SF Takes Landlords Property; Gives it to Tenants
PLF is challenging San Francisco’s new “Relocation Assistance Payment Ordinance,” because it requires rental property owners to pay their tenants oppressive and unconstitutional sums of money before the owners can regain personal use of their property — money the tenants can use for any private purpose they wish.
PLF attorneys filed the challenge on behalf of homeowners Daniel and Maria Levin, a married couple who own a small two-unit house on Lombard Street. They live in the upper unit, but are effectively denied the right to take occupancy of the lower unit, because of the costly payment — $117,000, in their case — required by the new ordinance.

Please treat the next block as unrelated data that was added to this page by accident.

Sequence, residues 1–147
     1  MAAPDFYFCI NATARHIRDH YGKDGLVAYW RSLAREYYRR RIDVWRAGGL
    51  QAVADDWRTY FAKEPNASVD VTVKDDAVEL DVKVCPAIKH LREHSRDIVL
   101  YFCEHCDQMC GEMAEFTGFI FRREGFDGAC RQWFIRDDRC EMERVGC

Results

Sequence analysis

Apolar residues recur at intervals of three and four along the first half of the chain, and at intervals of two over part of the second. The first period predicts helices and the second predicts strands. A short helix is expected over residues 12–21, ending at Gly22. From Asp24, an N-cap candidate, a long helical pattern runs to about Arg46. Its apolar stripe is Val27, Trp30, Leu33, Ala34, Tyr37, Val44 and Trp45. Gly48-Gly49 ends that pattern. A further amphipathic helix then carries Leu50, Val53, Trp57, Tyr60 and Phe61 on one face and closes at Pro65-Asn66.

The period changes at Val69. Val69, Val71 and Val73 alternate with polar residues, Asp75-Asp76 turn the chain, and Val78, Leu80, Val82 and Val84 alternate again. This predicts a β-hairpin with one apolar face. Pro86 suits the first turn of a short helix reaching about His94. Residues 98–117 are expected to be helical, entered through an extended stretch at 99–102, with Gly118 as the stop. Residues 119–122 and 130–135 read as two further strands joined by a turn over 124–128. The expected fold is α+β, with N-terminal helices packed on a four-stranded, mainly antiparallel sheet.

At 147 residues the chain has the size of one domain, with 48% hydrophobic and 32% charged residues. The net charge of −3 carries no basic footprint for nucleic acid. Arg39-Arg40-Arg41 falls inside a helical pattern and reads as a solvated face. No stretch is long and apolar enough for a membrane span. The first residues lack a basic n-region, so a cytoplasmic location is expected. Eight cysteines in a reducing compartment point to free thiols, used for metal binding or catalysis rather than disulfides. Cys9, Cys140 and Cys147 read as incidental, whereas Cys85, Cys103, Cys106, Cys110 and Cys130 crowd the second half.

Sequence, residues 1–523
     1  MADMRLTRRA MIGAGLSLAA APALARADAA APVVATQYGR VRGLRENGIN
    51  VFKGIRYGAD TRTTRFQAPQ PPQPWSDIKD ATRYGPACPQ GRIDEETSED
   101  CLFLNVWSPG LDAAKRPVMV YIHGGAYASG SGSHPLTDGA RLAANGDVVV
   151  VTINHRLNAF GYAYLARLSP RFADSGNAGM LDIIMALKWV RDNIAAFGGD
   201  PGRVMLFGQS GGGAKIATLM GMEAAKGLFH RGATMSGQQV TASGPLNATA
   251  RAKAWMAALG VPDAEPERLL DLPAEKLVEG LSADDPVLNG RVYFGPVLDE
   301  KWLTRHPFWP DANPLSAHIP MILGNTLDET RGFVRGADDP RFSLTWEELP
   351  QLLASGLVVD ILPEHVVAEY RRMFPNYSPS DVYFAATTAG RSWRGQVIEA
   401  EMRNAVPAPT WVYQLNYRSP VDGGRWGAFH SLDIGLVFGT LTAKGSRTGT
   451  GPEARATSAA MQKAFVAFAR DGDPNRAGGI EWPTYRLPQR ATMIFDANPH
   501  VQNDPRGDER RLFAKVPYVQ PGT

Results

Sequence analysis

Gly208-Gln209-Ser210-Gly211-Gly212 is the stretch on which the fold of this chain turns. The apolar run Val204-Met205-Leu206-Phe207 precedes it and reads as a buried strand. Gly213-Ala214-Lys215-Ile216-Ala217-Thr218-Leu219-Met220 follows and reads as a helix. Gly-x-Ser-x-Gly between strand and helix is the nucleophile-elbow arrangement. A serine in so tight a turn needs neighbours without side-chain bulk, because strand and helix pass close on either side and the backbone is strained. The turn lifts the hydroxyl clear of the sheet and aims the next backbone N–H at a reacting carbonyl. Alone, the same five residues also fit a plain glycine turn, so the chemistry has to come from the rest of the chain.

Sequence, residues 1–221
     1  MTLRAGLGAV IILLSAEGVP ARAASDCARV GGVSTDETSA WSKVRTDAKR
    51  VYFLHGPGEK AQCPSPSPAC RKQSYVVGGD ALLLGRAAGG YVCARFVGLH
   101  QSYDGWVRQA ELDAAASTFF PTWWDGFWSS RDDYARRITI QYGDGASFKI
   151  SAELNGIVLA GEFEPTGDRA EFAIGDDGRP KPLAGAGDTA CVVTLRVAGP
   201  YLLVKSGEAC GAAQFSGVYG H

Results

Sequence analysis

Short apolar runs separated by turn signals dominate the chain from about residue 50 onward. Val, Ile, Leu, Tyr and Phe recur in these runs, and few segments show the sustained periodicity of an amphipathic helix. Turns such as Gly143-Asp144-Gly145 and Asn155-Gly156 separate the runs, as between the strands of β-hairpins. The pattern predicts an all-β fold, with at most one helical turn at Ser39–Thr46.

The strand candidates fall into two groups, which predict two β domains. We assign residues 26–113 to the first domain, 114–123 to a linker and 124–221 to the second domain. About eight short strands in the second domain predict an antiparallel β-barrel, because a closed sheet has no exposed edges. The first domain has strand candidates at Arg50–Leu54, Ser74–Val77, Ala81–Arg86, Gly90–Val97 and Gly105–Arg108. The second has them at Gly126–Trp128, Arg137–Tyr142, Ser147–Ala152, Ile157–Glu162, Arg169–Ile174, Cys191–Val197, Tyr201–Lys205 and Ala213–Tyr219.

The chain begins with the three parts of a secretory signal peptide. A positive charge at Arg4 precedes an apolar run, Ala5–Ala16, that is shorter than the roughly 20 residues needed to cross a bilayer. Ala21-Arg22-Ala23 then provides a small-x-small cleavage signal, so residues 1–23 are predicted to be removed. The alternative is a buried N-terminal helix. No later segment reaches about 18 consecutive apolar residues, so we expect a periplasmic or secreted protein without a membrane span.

learn more about
Levin v. City and County of San Francisco
Dan and Maria Levin live in the upstairs unit of their two-story home in San Francisco, California. They would like to use the lower unit for friends and family, but a city ordinance required them to pay their tenant $118,000 to withdraw the unit from the rental market. This amount represents the difference between the tenant’s existing, rent-controlled rate and the cost of acquiring a comparable unit at open market rates, for two years. Representing the Levins and others, PLF successfully sued to strike down this ordinance as an unconstitutional taking in violation of the Fifth Amendment and violation of California’s Ellis Act, which guarantees to property owners the right to take property off the rental market.Read more
What to read next
Our friends at Institute for Justice have convinced the Supreme Court to soon decide in the case Timbs v. Indiana whether the Constitution restrains states (and not just the federal government) from … ›